“Death may not be awful,” the Gift mused. “Death may be a blessing.”

“Then I’ll be damn glad to give you that blessing.”

Dust approached the nearest torch. Examined it properly. Ideally, he wanted to weaken the magic around the Gift without destroying it outright. Keep the thing caged long enough for him to take careful aim. Like shooting fish in a barrel. He didn’t immediately see a way to do that, but little was so simple you can understand it at first blush.

“You do not understand me: death may be a blessing for you, Man Who Wants.”

Dust stopped his examination. “How do you know my name?”

The Gift chuckled. “Hear me, thing of Resistance. You might be better dying here at my hand than experiencing what is ahead of you.”

“And what’s ahead of me?”

The Gift said something Dust didn’t understand. A word that didn’t seem like a name. It laughed afterwards, loud and happy, like it’d told a great joke.

Dust waited to see whether it’d say anything more. It didn’t seem ready to. Damn thing was probably just trying to put some fear in him. Force him to make a mistake. Fighting to the last, as anyone would.

Anyone. Yeah, the Gift’d once been a person, so it’d still behave like one. Maybe only at a base level after centuries of corruption by Melting Flesh, but human in some ways nonetheless. Much as he didn’t like being laughed at or toyed with, he understood it.

The biggest thing he’d been learning from Penelope and Shadows Fade was how to remove spite and anger from his duties. Most of it, any road. It was hard when people were involved, particularly innocents, but it was fair. As Penelope’d said, many things of the Three never asked for their corruption. Even the ones who did mightn’t have had a choice, either through desperation, torture, or idiocy. Better to be dispassionate but firm. To be just.

“I know what you’re doing. It ain’t gonna work.”

“You do what you must, Man Who Wants,” the Gift said with a chuckle.

The torches were too intricate to identify a weakness. Careful overkill, then. Dust shot the nearest fire four times. Two magics of Resistance flared, crackling lightning and low whistles. His shots won out and the torch’s wooden frame evaporated. Its green fire hung in the air a while before fading, taking the other six fires with it.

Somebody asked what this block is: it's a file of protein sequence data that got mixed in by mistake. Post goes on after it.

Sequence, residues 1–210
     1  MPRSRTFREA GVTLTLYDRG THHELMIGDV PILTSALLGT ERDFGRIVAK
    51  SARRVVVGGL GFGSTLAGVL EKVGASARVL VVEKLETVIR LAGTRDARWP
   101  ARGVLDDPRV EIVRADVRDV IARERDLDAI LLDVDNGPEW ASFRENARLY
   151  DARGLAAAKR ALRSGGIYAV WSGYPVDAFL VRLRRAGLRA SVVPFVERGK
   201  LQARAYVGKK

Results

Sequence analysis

Dust used the moment before the cage fell to reload and aim. Then the magic barrier dissipated. A pale, bloated form rolled out like jelly, oozing, sliding. Before the Gift could enjoy its freedom, Dust unleashed six shots between its coffin-sized eyes. Each dug further into its spongy forehead until the final shot seared through the Gift’s brain.

The Gift howled. Dark magic spurted from its wound like a damn’d burst. Once more, Dust was bathed in corrupting taint. His teeth fell out and his tongue withered in his mouth. His newly-formed eyebrows fell like flour from a pierced bag. It hurt like nothing he’d ever known, with the pain of his recovery added, but these were the Gift’s death throes. It did not last long.

The Gift fell into laughter. It repeated that unidentifiable term as its vital magics sprayed out into the cavern. Then it collapsed, never to rise, and weakly dripped corrupted essence onto the rock floor.

Falling apart though he was, new teeth forcing their way through shrivelled gums, Dust made himself step forward. He had to drain the corpse, stop the surviving Carriers from returning to grow fat on it. The quicker he did, the fewer remnants there would be to tempt the creatures in. If he could leave Kehuadinune empty of the Three’s influence, the Teotek could reclaim it. That’d be a great victory, something that could help put Texas back on track.

For a moment, he gave credence to the Gift’s warnings: what could be coming for him? Could the Gift see into the future? Or even far in the present, some force coming for him he didn’t yet appreciate? Maybe. But there was nothing he could do about that.

Something golden glinted on the plinth the Gift’d fallen from. Limping forward, he saw a golden bowl. Barely four inches across, it pulsed with magic and power despite having supported a leach for a couple hundred years.

“Found you,” Dust said before working on the Gift’s corpse.

Comments

comments